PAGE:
Those of us who hold God’s Word in our hands have the greatest educational advantage! Here is all the information we will ever need to know for peace and prosperity in relationships! Our primary relationship is with God and here is the guide book. God wants us to know Him (1 John 5:13). The purpose of education is to teach us learning skills and to describe the road to maturity, isn’t it? Maturity is where the heart and mind meet in balance, permitting the joy of interdependence with others!

There are three other “E’s” in the Bible that help to impact the meaning of our lives. When we encourage one another to endure we are established, grounded, stable. Our scripture reading is a benediction. May the encouragement of God the Father, Son and Holy Spirit bless your life today and forevermore.

Reflection:

Experience? Does your experience teach you to trust in God? Have you ever put Him to the test? I have been blessed by His faithfulness, His forgiveness, His freedom and so much more. What would life be without trusting His plan for my life, the meaning that His love gives to every day? Thankfully my environment, education and experience taught me at an early age that the Lord God Almighty is truly the lover of my soul! He has never failed to live up to all that promises.

What is it about your environment, education and experience that equips you to react to problems the way you do?

How easy is it for you to let go of those little hurts that niggle in the back of your mind?

Are you feeling secure in the love of Christ and how does that play out in your life? What do others see?

by Marilyn Daniels (MarilynDaniels.net)

Uncategorized

The Sacrifice of Praise

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Psalm 100

“Through Jesus, therefore, let us continually offer to God a sacrifice of praise – the fruit of lips that confess His name” (Hebrews 13:11)

The Apostle Paul wrote under the inspiration of the Holy Spirit. Prior to that Jeremiah had also written about praise which he called “sounds of joy and gladness….thank offerings” to be brought into the house of the Lord. Kirk Dearman based a well loved chorus on Jeremiah 33:11:

“We bring the sacrifice of praise

Into the house of the Lord.

We bring the sacrifice of praise

Into the house of the Lord.

And we offer up to you

The sacrifices of thanksgiving;

And we offer up to you

The sacrifices of joy.”

Perhaps this is the panacea for the spirit of heaviness that pervades our world today. Can we, will we begin a habit that will stem the tide of depression? We have many Biblical examples of praise and worship which lift our spirits when we study the truths behind them.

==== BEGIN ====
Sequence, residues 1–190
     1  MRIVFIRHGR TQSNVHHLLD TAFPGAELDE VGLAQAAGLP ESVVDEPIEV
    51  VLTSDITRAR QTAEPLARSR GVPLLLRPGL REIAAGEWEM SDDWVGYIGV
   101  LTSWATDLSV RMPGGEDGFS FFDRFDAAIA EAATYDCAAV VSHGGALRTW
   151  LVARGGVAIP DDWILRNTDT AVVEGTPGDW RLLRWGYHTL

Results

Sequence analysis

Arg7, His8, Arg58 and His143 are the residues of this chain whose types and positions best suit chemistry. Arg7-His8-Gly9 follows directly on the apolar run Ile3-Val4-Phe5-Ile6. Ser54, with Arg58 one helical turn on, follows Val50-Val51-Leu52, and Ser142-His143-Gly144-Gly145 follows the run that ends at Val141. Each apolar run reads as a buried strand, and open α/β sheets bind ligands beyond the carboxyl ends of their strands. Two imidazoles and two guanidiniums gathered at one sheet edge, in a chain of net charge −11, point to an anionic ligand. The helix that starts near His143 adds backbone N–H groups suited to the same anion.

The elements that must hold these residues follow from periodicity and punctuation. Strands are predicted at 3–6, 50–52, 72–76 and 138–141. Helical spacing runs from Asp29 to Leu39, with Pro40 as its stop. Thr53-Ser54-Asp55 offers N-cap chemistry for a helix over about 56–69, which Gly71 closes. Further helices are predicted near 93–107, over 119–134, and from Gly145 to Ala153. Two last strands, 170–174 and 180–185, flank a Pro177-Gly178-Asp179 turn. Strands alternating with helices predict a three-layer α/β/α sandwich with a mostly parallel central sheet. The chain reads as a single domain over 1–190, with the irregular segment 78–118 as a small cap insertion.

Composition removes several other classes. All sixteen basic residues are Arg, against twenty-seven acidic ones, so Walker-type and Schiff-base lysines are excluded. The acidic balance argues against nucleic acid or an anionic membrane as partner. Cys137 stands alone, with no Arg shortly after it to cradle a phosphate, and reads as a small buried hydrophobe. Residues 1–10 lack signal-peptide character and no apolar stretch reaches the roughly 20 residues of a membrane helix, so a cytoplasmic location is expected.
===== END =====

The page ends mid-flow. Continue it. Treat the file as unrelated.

“Shout for joy to the Lord” the Psalmist wrote. To whom does this apply? He answers “all the earth”.

“Worship the Lord with gladness” (Psalm 100:1-2). Do we find ourselves attending church out of a sense of obligation or duty? Has it become a tradition to meet with our friends on Sunday? Or have we gone to church anxious to offer praise? It may be a sacrifice. Perhaps we are grieving. Some of us are struggling with health issues or disappointed hopes, things that occupy the forefront of our minds. How can we think happy thoughts at such a moment?

The Apostle Paul is our great example. He sang hymns while bound in chains in a dank, dark prison cell. Perhaps he had memorized Psalm 100. “Come before Him [God] with joyful songs”. Hymns celebrate the great God we worship. Today many songs focus on “Me or I” but when we contemplate the character of our God, we are compelled to acknowledge His wisdom and majesty, His faithfulness and love. What joy to know that “our God is greater than any other god”! Yet “what a friend we have in Jesus” the One who bears all our sins and griefs!

The Psalmist warns “Know that the Lord is God” (100:4). Is there something lacking in our knowledge of God? How can we correct that? Another Psalm admits to needing God’s word – scripture memorization. “Thy Word have I hid in my heart that I might not sin against Thee” (Psalm 119:11 KJV). This is what enables us to “enter His gates with thanksgiving and His courts with praise” (100:4). After all “The Lord is good”. In a world torn by evil, hatred, fear and anger, we rejoice to know the goodness of our God, the One whose “love endures forever; His faithfulness continues through all generations” (100:5).

Reflection: